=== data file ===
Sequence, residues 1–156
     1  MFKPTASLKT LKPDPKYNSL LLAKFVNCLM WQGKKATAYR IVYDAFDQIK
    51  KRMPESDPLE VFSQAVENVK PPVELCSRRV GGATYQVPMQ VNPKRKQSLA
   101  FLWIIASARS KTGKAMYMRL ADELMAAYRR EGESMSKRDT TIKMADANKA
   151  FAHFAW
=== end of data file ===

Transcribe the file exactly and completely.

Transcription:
Sequence, residues 1–156
     1  MFKPTASLKT LKPDPKYNSL LLAKFVNCLM WQGKKATAYR IVYDAFDQIK
    51  KRMPESDPLE VFSQAVENVK PPVELCSRRV GGATYQVPMQ VNPKRKQSLA
   101  FLWIIASARS KTGKAMYMRL ADELMAAYRR EGESMSKRDT TIKMADANKA
   151  FAHFAW